Why go to Katavi Park?
During British colonisation, Katavi National Park was a nature reserve. Later, it was given another name – “Rukva Reserve Park”. However, after Tanzanian independence, Katavi Park was renamed and transformed into a nature reserve to protect and preserve African mammals. Today, the park offers visitors a variety of activities and is a must for safaris in Tanzania.
Tanzania safari: Katavi Park
Katavi’s spectacular landscape is diverse and unique. It includes flooded areas of thick reeds and dense streams. And these streams are home to around 200 hippos, crocodiles and various species of birds. In the western forest, the treetops are home to buffalo and herds of elephant. The seasonal lakes are filled with dirty coloured water after the rain. Animals come to drink from all corners of the park. These animals include rare species ofroan antelope and sable, a must-see for visitors wishing to explore theAfrican wilderness.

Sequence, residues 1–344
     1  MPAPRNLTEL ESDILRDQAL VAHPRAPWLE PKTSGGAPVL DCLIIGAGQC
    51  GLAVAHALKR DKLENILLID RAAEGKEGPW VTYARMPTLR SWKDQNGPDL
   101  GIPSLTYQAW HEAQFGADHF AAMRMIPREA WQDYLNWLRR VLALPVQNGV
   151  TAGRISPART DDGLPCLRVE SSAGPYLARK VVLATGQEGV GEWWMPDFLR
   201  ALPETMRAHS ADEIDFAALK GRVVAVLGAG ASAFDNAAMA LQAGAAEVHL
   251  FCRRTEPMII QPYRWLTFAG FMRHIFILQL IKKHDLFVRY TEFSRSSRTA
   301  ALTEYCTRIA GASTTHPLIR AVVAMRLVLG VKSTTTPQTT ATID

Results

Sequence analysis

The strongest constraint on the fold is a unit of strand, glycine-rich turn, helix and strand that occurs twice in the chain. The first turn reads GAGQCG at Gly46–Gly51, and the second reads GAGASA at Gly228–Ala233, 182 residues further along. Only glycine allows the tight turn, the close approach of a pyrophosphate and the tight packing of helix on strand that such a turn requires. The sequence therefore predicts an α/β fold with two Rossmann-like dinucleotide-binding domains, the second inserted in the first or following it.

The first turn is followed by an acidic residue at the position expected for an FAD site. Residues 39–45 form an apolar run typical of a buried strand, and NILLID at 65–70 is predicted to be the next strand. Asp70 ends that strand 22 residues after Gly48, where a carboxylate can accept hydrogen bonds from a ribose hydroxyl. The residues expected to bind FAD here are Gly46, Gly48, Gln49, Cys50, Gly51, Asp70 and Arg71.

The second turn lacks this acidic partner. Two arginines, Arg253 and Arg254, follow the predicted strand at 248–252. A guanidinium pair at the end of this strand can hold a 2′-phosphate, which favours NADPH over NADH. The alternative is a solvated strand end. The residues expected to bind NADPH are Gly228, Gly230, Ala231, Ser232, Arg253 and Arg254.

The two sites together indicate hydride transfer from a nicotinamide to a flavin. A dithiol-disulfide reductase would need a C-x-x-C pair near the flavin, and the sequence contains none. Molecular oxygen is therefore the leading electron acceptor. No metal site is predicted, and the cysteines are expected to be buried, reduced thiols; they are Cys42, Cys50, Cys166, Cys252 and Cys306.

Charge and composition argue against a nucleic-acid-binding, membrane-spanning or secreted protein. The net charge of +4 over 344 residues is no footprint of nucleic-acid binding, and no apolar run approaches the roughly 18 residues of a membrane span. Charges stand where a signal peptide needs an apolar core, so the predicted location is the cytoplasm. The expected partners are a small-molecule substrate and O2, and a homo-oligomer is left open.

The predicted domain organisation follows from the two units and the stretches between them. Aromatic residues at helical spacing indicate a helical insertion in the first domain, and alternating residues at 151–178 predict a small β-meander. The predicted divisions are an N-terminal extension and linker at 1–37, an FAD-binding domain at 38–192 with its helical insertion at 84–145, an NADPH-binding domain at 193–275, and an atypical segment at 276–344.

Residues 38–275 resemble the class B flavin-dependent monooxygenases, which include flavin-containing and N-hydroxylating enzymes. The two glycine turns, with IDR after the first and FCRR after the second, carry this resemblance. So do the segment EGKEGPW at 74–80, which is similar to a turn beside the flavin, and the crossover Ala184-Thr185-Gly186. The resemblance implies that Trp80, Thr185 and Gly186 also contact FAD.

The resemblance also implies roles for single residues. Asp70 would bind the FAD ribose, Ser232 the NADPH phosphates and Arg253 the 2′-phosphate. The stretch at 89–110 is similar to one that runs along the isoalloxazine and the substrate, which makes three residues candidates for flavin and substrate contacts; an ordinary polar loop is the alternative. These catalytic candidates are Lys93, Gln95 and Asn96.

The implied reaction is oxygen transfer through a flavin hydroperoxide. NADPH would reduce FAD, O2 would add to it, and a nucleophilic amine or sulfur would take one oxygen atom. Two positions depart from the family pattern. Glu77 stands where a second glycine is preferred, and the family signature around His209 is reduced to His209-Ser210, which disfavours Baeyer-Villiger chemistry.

Katavi National Park invites you to get off the beaten track and enjoy unspoilt wildlife. The park is home to thousands of Cape buffalo and large herds of around 4,000 elephants. Zebra, wildebeest, giraffe, moose, sable and antelope are also abundant. Cheetahs, wild dogs, hyenas, leopards and lions keep a close eye on hunting opportunities.
Towards the end of the dry season, hippos move together into a sufficiently deep pool.
There is also a wide variety of birds on the river banks. Katavi National Park has a total of 450 bird species, including herons, plovers, spoonbills, storks, eagles and vultures.
It is advisable to visit between November and April for the best birdwatching. During this time, migratory birds from Europe and North Africa inhabit the park.
Animals in the park
- Cape Buffalo
- Wild Dogs
Travelling to Katavi
Some trails are designed for walking encounters with animals. Adventurers can also book night hikes, but there is always a guide.